WALTER BENJAMIN AND OTHER THEORISTS of the present day argue we’ve turned from a word-based culture back to a visual one like that of the Middle Ages, when the illiterate learned their Bible stories from fresco cycles. Anyone who has been to a medieval church understands the shivery power of visual storytelling: the spires stretching up to heaven, gargoyles whose ferocity wards off the ever-present threat of evil. Nowadays, we’re steeped in the seductive visuals of advertising, like the images of nature that sell us unrelated consumer goods: breaching whales for insurance; canoe rides between cliffs for a herpes drug.
As imagery from all media feeds our imaginations, it grows more and more controlled by those who have a vested interest in how it’s perceived — government, mainstream news and entertainment, the corporations that want us to buy their products and ignore their transgressions. We live in the world of spin, while much modern art remains in the throes of the mid-nineteenth-century idea of ars gratia artis — art for art’s sake. Increasingly, though, contemporary art is pushing its way back into the political arena.
The Beehive Design Collective, headquartered in Machias, Maine, works to take back visual narrative with artwork that offers rich, politically charged stories untold by our news media. On completing their signature mural-type banners, members of the collective travel to schools, rallies, and other events to present the artwork in the form of “picture-lectures” on subjects from monoculture to coal mining. The Beehive group, which describes itself as “word-to-image translators,” has six “backbone bees” who live in a house in Machias when not on the road and dozens of others who participate in Beehive projects.
I drove down to Seattle in the summer of 2011 to see the collective in action at a conference on the problem of our nation’s expanding coal use. The collective sent to the conference a Bee and a banner — a recent project, titled “The True Cost of Coal,” focused on mountaintop removal mining in Appalachia. I have coal very much on the brain lately. I live in Bellingham, a few miles from a site where, if Peabody Energy and Goldman Sachs have their way, an enormous coal terminal will soon be built, largely to ship coal to China.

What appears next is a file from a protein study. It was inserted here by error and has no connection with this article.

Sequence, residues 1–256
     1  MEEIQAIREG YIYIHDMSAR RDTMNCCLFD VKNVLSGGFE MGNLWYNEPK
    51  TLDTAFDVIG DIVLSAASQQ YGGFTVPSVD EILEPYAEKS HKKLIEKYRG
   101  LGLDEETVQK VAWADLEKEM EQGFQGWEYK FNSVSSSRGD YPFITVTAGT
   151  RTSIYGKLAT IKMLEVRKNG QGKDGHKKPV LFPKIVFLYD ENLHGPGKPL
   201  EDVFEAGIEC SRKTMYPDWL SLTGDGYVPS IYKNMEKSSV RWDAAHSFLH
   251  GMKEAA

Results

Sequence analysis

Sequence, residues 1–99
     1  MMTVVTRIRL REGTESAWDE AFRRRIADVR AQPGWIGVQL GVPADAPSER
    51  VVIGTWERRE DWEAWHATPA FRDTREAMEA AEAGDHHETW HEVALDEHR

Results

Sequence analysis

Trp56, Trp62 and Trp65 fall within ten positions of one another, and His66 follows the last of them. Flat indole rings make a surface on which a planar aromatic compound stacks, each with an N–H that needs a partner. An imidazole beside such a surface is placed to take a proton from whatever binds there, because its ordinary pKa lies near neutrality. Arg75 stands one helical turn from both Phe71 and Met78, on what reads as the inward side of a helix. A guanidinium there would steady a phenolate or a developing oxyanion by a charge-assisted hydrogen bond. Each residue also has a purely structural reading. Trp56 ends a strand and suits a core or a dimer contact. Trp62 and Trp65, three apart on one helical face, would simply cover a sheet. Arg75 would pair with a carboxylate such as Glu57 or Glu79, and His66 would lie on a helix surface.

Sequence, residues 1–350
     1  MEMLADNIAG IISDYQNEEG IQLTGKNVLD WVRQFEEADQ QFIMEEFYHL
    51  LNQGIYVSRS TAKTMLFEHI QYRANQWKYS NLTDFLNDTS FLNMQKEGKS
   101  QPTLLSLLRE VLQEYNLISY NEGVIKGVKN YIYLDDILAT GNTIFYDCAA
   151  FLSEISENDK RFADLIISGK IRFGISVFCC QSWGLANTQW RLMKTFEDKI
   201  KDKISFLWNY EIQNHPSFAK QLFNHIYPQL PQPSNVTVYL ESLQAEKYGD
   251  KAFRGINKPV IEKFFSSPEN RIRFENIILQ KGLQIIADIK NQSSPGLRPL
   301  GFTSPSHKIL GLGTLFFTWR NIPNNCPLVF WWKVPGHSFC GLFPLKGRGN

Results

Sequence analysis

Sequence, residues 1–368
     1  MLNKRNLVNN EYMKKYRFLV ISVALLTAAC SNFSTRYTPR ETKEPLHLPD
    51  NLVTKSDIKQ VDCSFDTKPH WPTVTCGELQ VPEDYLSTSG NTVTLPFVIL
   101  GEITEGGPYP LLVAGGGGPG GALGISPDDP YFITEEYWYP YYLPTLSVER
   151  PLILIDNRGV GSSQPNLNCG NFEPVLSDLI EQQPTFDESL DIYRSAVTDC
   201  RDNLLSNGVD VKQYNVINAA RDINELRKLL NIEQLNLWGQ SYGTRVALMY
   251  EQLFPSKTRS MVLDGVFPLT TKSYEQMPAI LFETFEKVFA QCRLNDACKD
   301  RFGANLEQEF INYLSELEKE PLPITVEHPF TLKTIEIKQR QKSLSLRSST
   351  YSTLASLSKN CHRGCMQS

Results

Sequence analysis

Still in its environmental study and permitting phase, the terminal at peak capacity would mean twenty more trains through my small city, half the trains loaded with unenclosed coal, smudging the air with a new load of particulates. The site already has two oil refineries and an aluminum smelter. I live close to the tracks in this place, still heart-churningly beautiful to me after twenty years, snug on the Puget Sound. I sleep to the cranky, loud grinding of trains switching tracks. I am picturing the trains doubled, my son devolving back to the boy whose asthma, sinusy rattle, and cough have haunted my sleep over the years.
I am fascinated by what the Beehive presentation will be, and a bit skeptical. This is Goldman Sachs and Peabody Energy — the king of mountaintop mining — we’re up against. A poster is, well, a poster: an illustration, a picture summing up what we already know.
I meet Emma Bee, today’s Beehive presenter, a composed and articulate young woman in an urchin’s cap and jeans. Everyone from the collective, she tells me, goes by the name Bee when representing the group (Emma signs her e-mails con miel, “with honey.”) A copy of the Beehive Collective’s “True Cost of Coal” banner, printed on a sixteen-by-eight-foot cloth, hangs on the wall of the Seattle University lecture hall.